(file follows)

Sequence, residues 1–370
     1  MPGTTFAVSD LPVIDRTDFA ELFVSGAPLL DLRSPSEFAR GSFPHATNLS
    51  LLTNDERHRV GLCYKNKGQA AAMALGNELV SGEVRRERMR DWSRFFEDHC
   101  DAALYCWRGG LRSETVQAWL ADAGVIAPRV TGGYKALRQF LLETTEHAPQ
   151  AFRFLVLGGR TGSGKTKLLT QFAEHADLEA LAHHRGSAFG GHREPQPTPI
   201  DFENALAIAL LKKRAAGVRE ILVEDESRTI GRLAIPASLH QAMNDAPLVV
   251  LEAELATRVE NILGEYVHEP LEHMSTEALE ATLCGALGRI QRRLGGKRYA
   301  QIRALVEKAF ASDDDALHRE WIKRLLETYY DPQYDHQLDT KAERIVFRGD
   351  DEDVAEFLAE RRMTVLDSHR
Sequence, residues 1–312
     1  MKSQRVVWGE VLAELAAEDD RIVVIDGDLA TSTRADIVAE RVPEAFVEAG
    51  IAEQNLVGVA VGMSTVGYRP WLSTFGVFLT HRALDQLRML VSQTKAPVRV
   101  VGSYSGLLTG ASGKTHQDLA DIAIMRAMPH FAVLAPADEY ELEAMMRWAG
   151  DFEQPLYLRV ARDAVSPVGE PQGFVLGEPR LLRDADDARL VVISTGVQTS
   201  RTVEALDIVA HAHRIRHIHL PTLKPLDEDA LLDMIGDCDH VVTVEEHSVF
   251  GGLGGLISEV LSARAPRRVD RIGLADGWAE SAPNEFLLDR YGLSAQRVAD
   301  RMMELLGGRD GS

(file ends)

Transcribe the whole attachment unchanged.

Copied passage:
Sequence, residues 1–370
     1  MPGTTFAVSD LPVIDRTDFA ELFVSGAPLL DLRSPSEFAR GSFPHATNLS
    51  LLTNDERHRV GLCYKNKGQA AAMALGNELV SGEVRRERMR DWSRFFEDHC
   101  DAALYCWRGG LRSETVQAWL ADAGVIAPRV TGGYKALRQF LLETTEHAPQ
   151  AFRFLVLGGR TGSGKTKLLT QFAEHADLEA LAHHRGSAFG GHREPQPTPI
   201  DFENALAIAL LKKRAAGVRE ILVEDESRTI GRLAIPASLH QAMNDAPLVV
   251  LEAELATRVE NILGEYVHEP LEHMSTEALE ATLCGALGRI QRRLGGKRYA
   301  QIRALVEKAF ASDDDALHRE WIKRLLETYY DPQYDHQLDT KAERIVFRGD
   351  DEDVAEFLAE RRMTVLDSHR
Sequence, residues 1–312
     1  MKSQRVVWGE VLAELAAEDD RIVVIDGDLA TSTRADIVAE RVPEAFVEAG
    51  IAEQNLVGVA VGMSTVGYRP WLSTFGVFLT HRALDQLRML VSQTKAPVRV
   101  VGSYSGLLTG ASGKTHQDLA DIAIMRAMPH FAVLAPADEY ELEAMMRWAG
   151  DFEQPLYLRV ARDAVSPVGE PQGFVLGEPR LLRDADDARL VVISTGVQTS
   201  RTVEALDIVA HAHRIRHIHL PTLKPLDEDA LLDMIGDCDH VVTVEEHSVF
   251  GGLGGLISEV LSARAPRRVD RIGLADGWAE SAPNEFLLDR YGLSAQRVAD
   301  RMMELLGGRD GS